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'76mintgrün'02

Just how BAD is the 76 exhaust manifold?

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I have a stock exhaust system and engine, with a 32-36 weber, pertronix and a mechanical distributor. I am preparing to install a wide band and considering upgrading my exhaust in the process. I have done extensive reading of past postings regarding tii exhaust manifolds and headers and there are as many opinions as FAQers....

The IE shorty header is a tempting option and a fellow member has offered what he believes to be a tii manifold at a reasonable price (up for sale due to header upgrade). This topic has almost been beat to death, but if anyone has a strong opinion they would like to get off their chest, feel free to send it my way. Tom

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Honestly, it's heat it generates that's the problem.

You don't say what your intended use is- for something for pottering around

the Peninsula, the tii manifold's great, and even if it's just the stock non- air

manifold, it's fine, too.

Headers save weight, and with other modifications, will help horsepower.

However, they may move the torque peak up, which isn't really a great thing

for a street car.

Great for a fast- road or track car, though there aren't any tri- Y headers

out there- EXCEPT for the Ireland shorties, if you then run downtubes from them

to a y by the transmission (I forget if that's the way Ireland does them-

I've been putzing around with E30 shorties recently)

Any which way, the only real problem with the big stainless 76 manifold

is if (when) it overheats, it also drives up head and exhaust valve temps,

and tends to damage them.

t

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its weight...much heavier than even the earlier OEM cast iron manifolds--and all that weight hanging on the exhaust manifold studs will eventually wear the threads in the aluminum head, and/or snap off the studs. Then you have to pull the head to remove the broken studs and/or re-thread the head.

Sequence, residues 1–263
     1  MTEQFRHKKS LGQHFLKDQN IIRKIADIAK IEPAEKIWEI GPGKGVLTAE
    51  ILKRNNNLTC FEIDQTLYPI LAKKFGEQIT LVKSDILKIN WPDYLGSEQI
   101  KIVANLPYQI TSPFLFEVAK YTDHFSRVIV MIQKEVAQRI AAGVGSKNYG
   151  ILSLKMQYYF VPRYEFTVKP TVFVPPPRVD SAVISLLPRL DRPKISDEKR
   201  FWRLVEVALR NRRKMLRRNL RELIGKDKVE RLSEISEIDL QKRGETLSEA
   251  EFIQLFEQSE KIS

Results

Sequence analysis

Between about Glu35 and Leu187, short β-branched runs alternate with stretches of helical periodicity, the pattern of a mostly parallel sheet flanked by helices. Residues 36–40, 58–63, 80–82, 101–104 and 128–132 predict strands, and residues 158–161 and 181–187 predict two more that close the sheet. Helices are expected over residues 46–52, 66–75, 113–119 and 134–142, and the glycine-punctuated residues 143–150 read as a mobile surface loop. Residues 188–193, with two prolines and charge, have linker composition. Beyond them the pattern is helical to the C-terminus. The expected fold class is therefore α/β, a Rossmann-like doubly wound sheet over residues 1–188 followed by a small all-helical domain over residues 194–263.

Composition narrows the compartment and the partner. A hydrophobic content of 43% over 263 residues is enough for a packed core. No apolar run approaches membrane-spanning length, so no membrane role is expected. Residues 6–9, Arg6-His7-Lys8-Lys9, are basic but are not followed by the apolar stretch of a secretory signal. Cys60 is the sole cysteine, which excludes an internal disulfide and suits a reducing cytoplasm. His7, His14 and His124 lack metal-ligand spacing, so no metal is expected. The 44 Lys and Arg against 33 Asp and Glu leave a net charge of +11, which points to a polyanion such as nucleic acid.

That manifold does, however make a nice anchor for a small dinghy, or, as CD would say, make a big splash when thrown in the neighbor's pool.

cheers

mike

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Here is a photo of the "anchor" currently on my engine. From what I gather, anything is better than this.... Ugly, heavy and constricting are three good reasons to find something better.

Mostly a back road cruiser. No track time. Quiet is nice and I do appreciate low end torque. It is sounding like a stock, non-air manifold is the way to go... preferably a tii, if there is in fact a difference!?!?!? : / (There sure is a lot of confusing reading on the topic.)

I guess I am shopping for a used manifold, with minimal pitting, and I will use the one I have to weigh my crab trap down. Thank you for the input. T.

photo 030.jpg

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a good condition, Used tii manifold with the same

320i heat sheild gasket that your car currently has.

Bob's Yer Uncle

power

stock

quiet

fits

no mods needed

Bob's Yer Uncle II

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though there aren't any tri- Y headers out there- EXCEPT for the Ireland shorties,

Not quite true... The headers that came on my car I bought a year ago are Tri-Y. I believe Ansa. Has a strange configuration though 1+3 & 4+2.

ANSAoldcatalogpicBMW2002.jpg

IMG_2211.jpg

Byas

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As far as headers go, I noticed zero change in low end torque. If anything more power. I did notice a tone change though. On a stock motor I believe it really doesnt do that much. I just like one less spot to have an exhaust leak.

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Oh, hey, you have an air- injection manifold, not the 76- only thermal- reactor.

It's not so bad. A few lbs heavier, but the flow is no worse (Pat says better,

I don't disagree) than the non- tii manifold.

Don't sweat it too much, it's really pretty good for a stock engine.

I had one, and changed it when I had the head off. I didn't notice any difference.

...and a tri-Y that links 1&4, 2&3 is the one you'd want for torque.

There might be a trick that adjacent cylinders does, but I don't know it...

t

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